I commend the hon. Gentleman on the work that he did on the Energy and Climate Change Committee, and on which he congratulated everyone involved—they say that self-praise is no praise, but there we go. My great worry, and that of many of my colleagues on the Opposition Benches, is that the poor will always suffer. While everybody else is looking for ways of saving money, they cannot do so. What will his Government do to help people who perhaps cannot afford to do what is necessary to make the savings that he is talking about?

The hon. Gentleman has often raised this issue in the Select Committee in the past, and it should be at the heart of our thinking. At this time of year, when people are struggling to pay their bills, how they will pay them in the future is a matter of great concern to us.

The nature of the green deal is that it does not depend on the creditworthiness of the individual householder. A charge will be set against the future energy bills of their property, with the condition that the total cost of the energy efficiency measures should be such that it can be repaid through that extra charge over a period of 20 or 25 years. So the people living in those properties will get the immediate full benefit in terms of warmth and reduced energy consumption, but the charge will be brought back over time. We think that this policy has been devised in a way that has at its heart the interests of those who are fuel poor and have difficulty in paying their bills. The hon. Gentleman is absolutely right to say that, in all these issues, there are massive costs for consumers. Our job as a Government is to find ways of trying to drive down the number of units that consumers will be using. The green deal is part of that process, as is smart metering.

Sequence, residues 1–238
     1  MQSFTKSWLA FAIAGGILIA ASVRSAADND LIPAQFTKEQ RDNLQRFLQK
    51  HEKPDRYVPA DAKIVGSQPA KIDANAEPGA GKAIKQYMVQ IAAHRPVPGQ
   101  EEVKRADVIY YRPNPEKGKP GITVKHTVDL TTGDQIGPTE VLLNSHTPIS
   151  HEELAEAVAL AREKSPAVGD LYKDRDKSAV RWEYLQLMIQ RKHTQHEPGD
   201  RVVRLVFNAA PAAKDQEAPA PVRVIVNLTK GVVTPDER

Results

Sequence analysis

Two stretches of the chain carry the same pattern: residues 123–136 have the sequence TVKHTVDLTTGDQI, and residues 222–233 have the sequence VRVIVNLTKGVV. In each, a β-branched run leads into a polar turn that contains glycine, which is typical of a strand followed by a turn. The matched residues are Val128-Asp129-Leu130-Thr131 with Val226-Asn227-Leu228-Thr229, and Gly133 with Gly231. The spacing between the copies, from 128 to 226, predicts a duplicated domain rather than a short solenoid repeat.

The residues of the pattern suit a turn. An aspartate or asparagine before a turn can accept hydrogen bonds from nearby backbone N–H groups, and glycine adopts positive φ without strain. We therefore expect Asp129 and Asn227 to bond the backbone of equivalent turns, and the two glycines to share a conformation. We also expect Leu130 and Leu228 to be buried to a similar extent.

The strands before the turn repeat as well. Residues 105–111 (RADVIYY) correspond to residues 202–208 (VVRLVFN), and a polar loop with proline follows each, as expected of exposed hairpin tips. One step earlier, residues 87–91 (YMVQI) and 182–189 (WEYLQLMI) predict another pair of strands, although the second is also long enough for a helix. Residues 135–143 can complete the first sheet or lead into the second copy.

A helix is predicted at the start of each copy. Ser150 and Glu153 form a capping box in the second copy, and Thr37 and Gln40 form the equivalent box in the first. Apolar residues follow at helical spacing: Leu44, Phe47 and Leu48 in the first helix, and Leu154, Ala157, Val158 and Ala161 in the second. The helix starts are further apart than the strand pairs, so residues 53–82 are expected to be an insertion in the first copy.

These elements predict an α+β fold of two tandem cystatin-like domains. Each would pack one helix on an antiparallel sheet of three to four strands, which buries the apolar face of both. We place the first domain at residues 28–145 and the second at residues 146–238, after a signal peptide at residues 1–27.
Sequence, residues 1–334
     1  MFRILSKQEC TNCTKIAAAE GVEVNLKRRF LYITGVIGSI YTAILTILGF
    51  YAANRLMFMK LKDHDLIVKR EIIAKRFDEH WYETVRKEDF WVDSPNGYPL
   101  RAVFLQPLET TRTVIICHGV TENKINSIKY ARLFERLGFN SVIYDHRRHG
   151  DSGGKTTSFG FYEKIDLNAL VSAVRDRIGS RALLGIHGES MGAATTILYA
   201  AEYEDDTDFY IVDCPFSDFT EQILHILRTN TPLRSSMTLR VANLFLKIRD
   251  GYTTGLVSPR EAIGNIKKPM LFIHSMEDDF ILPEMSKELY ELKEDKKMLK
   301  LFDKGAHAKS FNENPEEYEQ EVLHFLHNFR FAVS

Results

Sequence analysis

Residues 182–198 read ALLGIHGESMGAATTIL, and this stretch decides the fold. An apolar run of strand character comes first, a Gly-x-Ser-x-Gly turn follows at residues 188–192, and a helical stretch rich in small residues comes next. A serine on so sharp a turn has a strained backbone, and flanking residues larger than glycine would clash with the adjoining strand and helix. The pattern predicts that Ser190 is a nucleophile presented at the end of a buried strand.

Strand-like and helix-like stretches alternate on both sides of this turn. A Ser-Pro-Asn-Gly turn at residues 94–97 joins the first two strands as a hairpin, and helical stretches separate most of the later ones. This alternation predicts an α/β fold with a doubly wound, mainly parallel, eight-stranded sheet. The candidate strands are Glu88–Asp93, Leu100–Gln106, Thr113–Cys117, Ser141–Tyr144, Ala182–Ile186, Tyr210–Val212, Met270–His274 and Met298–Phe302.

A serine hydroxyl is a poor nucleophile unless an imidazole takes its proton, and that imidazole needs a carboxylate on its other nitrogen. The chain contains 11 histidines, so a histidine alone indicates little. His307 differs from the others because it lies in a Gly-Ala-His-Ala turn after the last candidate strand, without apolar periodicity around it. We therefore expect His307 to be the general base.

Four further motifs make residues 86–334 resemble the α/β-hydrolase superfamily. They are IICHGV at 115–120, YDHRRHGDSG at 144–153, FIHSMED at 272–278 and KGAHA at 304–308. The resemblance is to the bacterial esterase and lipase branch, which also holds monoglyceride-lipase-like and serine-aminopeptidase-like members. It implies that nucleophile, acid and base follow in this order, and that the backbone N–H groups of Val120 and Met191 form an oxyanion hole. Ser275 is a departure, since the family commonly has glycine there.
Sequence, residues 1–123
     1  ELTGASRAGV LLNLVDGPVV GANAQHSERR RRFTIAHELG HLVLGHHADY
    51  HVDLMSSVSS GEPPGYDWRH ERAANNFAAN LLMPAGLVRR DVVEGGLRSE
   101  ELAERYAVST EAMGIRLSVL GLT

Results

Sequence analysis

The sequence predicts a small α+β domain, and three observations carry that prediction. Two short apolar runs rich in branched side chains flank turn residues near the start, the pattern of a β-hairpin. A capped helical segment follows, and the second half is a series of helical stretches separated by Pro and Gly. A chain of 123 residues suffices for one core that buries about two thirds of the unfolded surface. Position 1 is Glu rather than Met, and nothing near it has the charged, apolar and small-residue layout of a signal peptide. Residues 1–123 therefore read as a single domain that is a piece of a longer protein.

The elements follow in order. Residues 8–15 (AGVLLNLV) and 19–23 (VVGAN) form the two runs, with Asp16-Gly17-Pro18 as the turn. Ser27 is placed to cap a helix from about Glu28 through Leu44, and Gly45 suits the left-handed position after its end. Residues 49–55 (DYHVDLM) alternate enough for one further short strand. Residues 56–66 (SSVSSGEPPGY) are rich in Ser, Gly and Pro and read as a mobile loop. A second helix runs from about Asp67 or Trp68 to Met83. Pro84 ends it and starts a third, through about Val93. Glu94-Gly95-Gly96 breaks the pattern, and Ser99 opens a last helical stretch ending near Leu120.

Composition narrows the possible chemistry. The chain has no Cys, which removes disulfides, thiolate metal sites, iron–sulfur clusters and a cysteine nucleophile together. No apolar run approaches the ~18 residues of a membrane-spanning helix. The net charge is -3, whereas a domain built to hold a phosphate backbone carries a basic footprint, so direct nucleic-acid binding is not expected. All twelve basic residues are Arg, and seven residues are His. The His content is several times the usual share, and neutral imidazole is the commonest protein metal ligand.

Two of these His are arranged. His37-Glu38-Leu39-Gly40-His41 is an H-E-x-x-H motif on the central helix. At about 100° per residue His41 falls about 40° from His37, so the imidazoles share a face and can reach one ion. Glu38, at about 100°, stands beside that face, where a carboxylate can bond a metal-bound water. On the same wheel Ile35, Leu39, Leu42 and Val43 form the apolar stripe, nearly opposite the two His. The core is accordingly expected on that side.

May I issue an appeal to the Minister and his colleagues that, as the green deal mechanism is being finalised and formulated, it should not be targeted at only cavity wall and loft insulation? There are many properties in my constituency and elsewhere for which that would be no use at all, and some of those properties are among the least fuel efficient.

The hon. Gentleman brings to the House a huge amount of expertise on these issues and I very much welcome his contribution. He has touched on an issue that is at the core of our thinking on how to take the green deal forward. He is absolutely right to say that, while a significant number of houses would be helped if it were to address issues of cavity wall and loft insulation, there are many that do not have cavity walls and many that need additional measures. We are looking at the role that boilers can play in regard to energy efficiency, because that area has not been given sufficient attention in the past. The key will be to find a range of measures that are relevant to each individual property, the savings from which will justify the investment over time. I can give the hon. Gentleman an absolute assurance that the type of houses that he is talking about in his constituency, in mine, and in many others across the country will be very much included as the green deal is developed.

In my constituency, many properties are not on the gas network, and there are no plans to expand the network into many of the small villages there. Will those properties be able to access alternative sources of heating through the green deal, perhaps through air source heat pumps and so on?